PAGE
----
Now that you have removed the cached files, we suggest rebuilding them just to be on the safer side. Don’t worry; the process is simple and will not take a lot of your time. 

Here is what you need to do:

  1. Type cmd in the search bar and click on Run as administrator to open Command Prompt with administrative privileges.
  2. Now copy and paste the commands mentioned below one by one and hit Enter after each. 
ie4uinit.exe -show
taskkill /IM explorer.exe /F
DEL /A /Q "%localappdata%\IconCache.db"
DEL /A /F /Q "%localappdata%\Microsoft\Windows\Explorer\iconcache*"
shutdown /r /f /t 00

That’s it. Your desktop icons should work fine now. 

5. Make Changes in the Registry.

Windows Registry is a database that stores configuration for installed applications and the operating system. It is also a great place to troubleshoot, as it allows users to make changes in the operating system according to their requirements. 

However, we strictly advise you to follow this method carefully as even a slight mistake can cause serious issues in your PC. 

Here is how you can use the Windows Registry to fix grey x’s on desktop icons in Windows 10:

  1. Type Registry Editor in the search bar and click on Run as administrator.
  2. Navigate to the path mentioned below. 
  1. Right-click on Explorer and select New
Fix: Gray x’s on Desktop Icons in Windows 10
  1. Click on Key and name the new key as Shell Icons
  2. Click on the new key and then right-click anywhere in the right pane. 
  3. Select New and then click on String Value
  4. Name it as 29 and by double-clicking, on it, set the value to ‘%windir%\System32\shell32.dll,-16769’.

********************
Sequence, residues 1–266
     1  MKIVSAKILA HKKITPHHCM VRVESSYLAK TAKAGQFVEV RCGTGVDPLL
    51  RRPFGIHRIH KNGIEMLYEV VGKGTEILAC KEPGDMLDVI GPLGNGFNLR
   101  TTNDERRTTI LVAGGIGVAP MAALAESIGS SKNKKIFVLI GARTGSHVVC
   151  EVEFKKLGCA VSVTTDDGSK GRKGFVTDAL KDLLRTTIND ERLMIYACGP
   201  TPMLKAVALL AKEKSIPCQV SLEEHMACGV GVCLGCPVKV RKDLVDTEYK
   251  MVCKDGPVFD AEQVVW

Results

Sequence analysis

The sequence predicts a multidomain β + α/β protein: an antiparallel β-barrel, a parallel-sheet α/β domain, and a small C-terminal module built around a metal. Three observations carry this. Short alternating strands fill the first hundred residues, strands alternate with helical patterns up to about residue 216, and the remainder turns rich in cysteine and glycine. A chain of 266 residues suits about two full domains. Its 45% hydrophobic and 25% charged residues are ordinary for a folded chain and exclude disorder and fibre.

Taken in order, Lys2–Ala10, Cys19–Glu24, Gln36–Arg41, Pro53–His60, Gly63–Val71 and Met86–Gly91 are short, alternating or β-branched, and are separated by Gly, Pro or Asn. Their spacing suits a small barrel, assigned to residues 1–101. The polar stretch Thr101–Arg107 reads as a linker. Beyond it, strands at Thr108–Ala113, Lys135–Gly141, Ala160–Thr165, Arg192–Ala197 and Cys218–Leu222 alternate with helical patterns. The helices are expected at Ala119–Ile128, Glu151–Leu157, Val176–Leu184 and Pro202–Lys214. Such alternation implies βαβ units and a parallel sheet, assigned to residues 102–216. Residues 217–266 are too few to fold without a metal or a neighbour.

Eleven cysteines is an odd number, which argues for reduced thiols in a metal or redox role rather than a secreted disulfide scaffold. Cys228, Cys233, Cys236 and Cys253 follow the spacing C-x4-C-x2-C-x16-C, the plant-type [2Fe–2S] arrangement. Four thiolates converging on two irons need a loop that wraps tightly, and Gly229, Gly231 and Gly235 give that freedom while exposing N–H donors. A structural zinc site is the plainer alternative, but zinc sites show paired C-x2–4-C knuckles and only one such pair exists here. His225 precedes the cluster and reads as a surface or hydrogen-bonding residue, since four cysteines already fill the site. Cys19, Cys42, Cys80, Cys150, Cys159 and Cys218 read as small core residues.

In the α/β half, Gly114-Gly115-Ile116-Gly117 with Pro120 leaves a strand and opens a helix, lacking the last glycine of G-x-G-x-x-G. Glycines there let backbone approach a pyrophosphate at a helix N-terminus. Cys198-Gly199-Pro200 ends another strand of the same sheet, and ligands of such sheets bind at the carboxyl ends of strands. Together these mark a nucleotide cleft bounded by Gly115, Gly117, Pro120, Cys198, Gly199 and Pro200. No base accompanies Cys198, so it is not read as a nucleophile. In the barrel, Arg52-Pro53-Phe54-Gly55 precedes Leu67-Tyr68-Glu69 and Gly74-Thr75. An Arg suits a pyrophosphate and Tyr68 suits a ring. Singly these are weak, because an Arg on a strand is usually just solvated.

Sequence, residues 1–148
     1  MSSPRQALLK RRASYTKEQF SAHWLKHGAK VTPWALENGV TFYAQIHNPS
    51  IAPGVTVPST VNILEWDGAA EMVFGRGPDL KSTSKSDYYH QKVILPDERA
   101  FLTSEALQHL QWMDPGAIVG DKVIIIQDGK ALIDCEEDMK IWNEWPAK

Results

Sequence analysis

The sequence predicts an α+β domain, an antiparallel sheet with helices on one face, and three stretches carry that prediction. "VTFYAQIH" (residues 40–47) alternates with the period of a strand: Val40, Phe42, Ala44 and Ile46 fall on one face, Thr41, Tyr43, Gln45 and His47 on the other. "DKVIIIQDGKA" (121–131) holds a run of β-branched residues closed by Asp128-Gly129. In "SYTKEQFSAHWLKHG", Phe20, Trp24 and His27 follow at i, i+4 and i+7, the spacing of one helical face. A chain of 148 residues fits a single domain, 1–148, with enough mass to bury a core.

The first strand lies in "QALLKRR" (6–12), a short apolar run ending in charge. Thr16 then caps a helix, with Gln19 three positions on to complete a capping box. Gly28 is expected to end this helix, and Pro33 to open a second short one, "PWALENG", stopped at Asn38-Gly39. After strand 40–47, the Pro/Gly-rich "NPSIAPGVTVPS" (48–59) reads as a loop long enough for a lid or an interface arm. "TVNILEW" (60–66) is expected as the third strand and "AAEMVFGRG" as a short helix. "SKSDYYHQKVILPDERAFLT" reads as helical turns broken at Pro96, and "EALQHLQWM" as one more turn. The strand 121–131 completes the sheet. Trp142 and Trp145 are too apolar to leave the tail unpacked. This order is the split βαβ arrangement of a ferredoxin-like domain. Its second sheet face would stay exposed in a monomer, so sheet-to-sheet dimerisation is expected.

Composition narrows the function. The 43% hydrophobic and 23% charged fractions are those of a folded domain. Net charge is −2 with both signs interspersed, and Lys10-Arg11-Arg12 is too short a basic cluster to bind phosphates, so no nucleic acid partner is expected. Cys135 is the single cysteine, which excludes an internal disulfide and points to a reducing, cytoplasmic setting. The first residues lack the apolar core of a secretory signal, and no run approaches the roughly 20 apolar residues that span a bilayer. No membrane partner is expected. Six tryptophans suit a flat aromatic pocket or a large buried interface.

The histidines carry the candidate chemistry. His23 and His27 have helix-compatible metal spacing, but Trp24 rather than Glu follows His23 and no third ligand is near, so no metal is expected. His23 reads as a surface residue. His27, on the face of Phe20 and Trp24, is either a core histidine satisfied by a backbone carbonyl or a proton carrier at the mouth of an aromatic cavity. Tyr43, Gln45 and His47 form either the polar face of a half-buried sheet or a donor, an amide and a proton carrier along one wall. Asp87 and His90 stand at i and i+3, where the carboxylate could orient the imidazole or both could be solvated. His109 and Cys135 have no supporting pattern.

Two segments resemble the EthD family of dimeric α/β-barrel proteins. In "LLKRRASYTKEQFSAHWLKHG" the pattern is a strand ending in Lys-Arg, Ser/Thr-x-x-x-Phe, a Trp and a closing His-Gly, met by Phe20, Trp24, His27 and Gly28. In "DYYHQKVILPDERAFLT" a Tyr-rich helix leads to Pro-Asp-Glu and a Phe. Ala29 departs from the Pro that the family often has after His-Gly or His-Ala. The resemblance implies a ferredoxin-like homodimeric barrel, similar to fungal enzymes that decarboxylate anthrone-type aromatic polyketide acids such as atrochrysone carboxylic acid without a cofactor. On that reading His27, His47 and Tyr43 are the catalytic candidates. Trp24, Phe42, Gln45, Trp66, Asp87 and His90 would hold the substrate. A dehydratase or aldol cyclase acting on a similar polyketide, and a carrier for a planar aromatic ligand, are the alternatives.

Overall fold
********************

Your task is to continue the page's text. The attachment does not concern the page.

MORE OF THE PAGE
Fix: Gray x’s on Desktop Icons in Windows 10
  1. Once done, reboot your PC and check if the error is resolved. 

Hopefully, doing so will remove the grey X’s from your desktop icons. 

6. Try Using CleanMyPC. 

As we mentioned earlier, it is common for corrupt cached files to cause issues like the one at hand. Another effective way to fix the corrupt cached files and other bugs in your system is by using a reliable PC cleaner. 

PC cleaners are a great option to boost your PC’s overall performance and eliminate errors. While there are so many options available in the market, we highly recommend using CleanMyPC

Install CleanMyPC on your PC

CleanMyPC is one of the most efficient cleaners that comes with a wide range of system maintenance tools. All you need to do is run a scan, and it will not just identify but will also attempt to fix the errors found. 

Moreover, it can take care of all your PC-related problems such as privacy issues, junk files, and even the slow speed of your PC!